Yes, especially their contributions to football related violence. And let’s not be too parochial here, Scottish religionists’ contribution to Northern Irish society shouldn’t be forgotten either.

  5. Patrick says

    This is slightly more than special pleading. The Church of Scotland already has a powerful constitutional presence, as does the Roman Catholic church. For example, all local authorities are required by law to have three religious representatives as full voting members of their Education Boards, and those persons are nominated by the churches themselves. Priests and ministers tend to have free access to Scottish state schools and are often left to their own devices while teachers take the opportunity of a welcome coffee break. Thank goodness that the school holidays have now started and priests and ministers won’t be able to fetishise torture porn week (or Holy Week as they’d like to call it) and frighten impressionable young children without their parents’ knowledge or consent. The problem is that the SNP don’t want to change that. They are quite happy with the status quo and have no ambition for a secular Scotland, which would also require ditching the English monarchy. As I wrote a few months ago (http://bit.ly/1sqQrIH):
    The second impoverishment of vision is that the SNP are committed to retaining the pernicious influence of kirk and church in a new Scottish society, perpetuating the sectarianism and division that causes such fundamental harm in Scotland today. This is a determination to embed the infrastructure of division into our constitution. The influence of the church in Scottish public life is deeper and more pernicious than I had ever realised before I came back to live in Scotland some nine years ago. For instance, all councils are obliged to appoint three church representatives to sit on their education boards, and many councils actually permit these religious appointees as members of full council as well, a fact which would horrify most secular Scots. Secularism is ensuring that no religious party is privileged in law or the practice of government, at any level in a state. This protects the interests of all religious groups and ensures that none are disadvantaged by privileging another above them. The educational apparatus at the heart of our sectarian division is promised to be continued. Denominational schools would continue unabated in an independent Scotland. In other words, publically-funded schools will continue to indoctrinate their own particular brands of religion to children as young as five and six, acting as incubators of sectarianism and division for the next generation. State-sponsored bigotry has no place in a society which strives to secure equality for people of any religious persuasion or of none.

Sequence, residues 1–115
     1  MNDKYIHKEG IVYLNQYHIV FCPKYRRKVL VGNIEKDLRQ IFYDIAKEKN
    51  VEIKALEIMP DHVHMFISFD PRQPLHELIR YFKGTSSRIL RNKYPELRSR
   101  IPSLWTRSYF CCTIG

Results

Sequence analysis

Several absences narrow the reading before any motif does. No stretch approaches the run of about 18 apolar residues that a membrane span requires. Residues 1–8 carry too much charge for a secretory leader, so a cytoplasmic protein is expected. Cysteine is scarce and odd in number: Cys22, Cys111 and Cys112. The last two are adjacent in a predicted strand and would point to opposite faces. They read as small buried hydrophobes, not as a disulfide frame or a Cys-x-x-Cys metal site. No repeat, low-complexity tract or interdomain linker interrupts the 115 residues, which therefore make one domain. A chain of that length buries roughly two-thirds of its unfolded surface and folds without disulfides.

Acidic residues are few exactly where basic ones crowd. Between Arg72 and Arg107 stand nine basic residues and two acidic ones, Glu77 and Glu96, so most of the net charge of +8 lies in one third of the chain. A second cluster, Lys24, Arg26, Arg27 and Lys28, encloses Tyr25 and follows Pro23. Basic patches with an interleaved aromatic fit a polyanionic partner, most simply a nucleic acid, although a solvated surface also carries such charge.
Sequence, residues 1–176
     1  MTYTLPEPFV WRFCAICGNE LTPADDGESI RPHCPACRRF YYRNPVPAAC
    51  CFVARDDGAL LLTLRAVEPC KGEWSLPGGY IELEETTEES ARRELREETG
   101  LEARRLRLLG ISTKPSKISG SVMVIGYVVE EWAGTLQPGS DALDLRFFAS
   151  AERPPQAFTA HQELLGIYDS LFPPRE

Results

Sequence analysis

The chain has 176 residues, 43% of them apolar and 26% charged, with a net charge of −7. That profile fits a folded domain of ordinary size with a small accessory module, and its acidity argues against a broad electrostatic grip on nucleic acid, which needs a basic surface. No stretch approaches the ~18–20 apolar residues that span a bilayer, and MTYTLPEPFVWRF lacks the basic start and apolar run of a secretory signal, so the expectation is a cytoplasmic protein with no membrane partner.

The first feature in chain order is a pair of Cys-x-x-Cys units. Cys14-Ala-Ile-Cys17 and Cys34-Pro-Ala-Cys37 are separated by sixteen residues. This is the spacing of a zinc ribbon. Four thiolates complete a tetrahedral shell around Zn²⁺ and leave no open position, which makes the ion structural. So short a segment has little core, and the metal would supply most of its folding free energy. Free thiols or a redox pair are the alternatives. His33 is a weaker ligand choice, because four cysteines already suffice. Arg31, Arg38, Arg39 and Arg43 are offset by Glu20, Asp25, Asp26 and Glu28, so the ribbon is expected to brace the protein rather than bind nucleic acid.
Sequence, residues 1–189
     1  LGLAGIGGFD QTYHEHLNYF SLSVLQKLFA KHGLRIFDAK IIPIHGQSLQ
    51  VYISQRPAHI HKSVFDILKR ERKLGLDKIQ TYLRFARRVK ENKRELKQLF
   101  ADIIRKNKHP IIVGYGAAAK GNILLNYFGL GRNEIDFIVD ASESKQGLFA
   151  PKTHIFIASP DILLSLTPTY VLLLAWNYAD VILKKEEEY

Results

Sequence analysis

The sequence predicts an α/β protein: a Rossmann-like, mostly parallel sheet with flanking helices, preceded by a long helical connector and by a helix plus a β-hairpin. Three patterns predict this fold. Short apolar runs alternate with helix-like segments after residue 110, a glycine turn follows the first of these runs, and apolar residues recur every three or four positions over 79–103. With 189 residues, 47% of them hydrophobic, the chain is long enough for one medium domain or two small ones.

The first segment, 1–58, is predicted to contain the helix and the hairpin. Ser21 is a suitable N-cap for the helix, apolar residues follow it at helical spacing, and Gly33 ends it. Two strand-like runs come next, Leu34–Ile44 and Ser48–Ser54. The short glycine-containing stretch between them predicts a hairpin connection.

6. says

    If there’s a historical section explaining how Scotland got to this point, mentioning religion there might be reasonable.

    Anything that would give them a protected or authoritative role in civil society, just, no.

  7. Dunc says

    There are a couple of draft Scottish constitutions kicking around (one from the SNP in 2002, one from the Constitutional Commission in 2013), and neither goes beyond the standard “freedom of conscience and religion” protections you would expect from a modern European nation. The Commission’s model constitution makes it explicit that the right to freedom of religion includes “freedom not to believe or participate in any religion”.

    They are free to lobby as much as they like, but I really don’t fancy their chances if they want anything more than that.